Anonymous Coward | about a year ago | (#44785847)

Shameful country the USA

What about the pupils? (1)

mschaffer (97223) | about a year ago | (#44785877)

What about the seven federal law-enforcement applicants and two government contractors with security clearances that Dixon trained? What about the two undercover agents that can no longer be trusted, now that they know the secrets of how to bypass polygraph tests (the can no longer be trusted). What are their fates?

Not allowed as evidence? (1)

Moppusan (2837753) | about a year ago | (#44785879)

I always thought polygraph results weren't allowed as evidence, thus making their fake results even more useless. Am I missing something here? I refuse to RTFA, Slashdot posters are way more interesting. Thank you in advance for any amusement.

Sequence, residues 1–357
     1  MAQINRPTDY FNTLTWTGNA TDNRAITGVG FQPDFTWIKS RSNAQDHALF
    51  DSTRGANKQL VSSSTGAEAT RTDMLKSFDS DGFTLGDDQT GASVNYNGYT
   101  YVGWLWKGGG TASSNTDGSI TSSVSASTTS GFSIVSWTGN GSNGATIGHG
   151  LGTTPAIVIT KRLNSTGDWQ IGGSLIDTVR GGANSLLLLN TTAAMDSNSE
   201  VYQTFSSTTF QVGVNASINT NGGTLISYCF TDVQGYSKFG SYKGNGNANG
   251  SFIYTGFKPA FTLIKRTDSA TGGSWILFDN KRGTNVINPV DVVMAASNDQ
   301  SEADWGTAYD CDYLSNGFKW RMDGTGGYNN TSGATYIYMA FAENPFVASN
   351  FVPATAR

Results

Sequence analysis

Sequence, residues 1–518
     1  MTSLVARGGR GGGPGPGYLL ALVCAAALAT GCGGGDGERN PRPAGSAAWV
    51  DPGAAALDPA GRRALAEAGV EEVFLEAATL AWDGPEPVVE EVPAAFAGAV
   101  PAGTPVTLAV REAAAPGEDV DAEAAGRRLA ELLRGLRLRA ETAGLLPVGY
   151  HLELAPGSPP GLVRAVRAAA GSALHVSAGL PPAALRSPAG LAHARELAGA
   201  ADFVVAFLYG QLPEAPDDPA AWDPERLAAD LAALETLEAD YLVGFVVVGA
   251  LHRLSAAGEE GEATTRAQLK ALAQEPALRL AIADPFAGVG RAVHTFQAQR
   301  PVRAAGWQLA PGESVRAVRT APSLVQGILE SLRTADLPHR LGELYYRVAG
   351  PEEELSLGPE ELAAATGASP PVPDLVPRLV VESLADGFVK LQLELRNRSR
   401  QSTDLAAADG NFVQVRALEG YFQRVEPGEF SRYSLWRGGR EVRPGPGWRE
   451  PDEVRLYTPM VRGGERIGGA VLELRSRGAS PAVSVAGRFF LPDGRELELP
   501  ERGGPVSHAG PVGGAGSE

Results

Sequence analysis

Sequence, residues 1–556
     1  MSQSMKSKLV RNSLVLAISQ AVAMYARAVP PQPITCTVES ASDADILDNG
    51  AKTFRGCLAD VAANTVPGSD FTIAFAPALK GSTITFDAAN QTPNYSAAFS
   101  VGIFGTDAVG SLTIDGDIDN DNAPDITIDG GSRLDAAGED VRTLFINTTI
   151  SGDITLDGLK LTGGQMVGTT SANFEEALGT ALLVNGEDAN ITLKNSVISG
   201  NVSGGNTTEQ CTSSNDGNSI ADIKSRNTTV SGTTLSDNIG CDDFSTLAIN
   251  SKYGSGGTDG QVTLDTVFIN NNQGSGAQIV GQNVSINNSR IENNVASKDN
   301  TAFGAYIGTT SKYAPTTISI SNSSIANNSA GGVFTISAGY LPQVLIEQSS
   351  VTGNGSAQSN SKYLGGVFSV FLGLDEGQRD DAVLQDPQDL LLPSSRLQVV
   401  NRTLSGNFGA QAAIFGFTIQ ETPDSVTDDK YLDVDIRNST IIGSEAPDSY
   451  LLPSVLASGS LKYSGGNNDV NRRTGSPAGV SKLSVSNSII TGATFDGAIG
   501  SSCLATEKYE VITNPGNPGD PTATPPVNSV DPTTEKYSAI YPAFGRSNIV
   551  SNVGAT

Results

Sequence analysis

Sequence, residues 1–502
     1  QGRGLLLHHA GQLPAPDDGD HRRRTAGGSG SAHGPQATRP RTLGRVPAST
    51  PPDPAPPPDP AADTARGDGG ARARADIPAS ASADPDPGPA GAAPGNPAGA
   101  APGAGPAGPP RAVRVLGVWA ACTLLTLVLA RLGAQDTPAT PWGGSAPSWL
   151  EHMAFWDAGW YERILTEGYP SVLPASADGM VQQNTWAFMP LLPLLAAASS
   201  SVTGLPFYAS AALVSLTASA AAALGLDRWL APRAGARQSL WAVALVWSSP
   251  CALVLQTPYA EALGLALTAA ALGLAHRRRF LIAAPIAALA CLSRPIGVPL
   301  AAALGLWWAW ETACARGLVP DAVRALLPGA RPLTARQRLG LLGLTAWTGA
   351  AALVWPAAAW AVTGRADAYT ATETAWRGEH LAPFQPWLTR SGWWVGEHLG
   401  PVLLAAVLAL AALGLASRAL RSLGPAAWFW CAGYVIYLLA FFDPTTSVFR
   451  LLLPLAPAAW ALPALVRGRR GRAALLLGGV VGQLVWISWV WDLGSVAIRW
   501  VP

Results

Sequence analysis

Anyone know what law he broke? (2)

rsilvergun (571051) | about a year ago | (#44785885)

and what the charge was?

This Is One That Needs Competent Appeal (0)

Anonymous Coward | about a year ago | (#44785941)

First, lying is not in itself even a civilly wrong act. Something that is wrongful or damaging must result, and the result must be "a direct and proximate result" of the lying alleged the cause. Were this not the case every writer of crime fiction who cooks up a cool plot, or describes bridging a burglar alarm would be guilty of both lying (to a prosecutor or agent whe read his story and filed charges, if he was not able to prove his story autobiographical) and teaching illegal techniques, to any reader.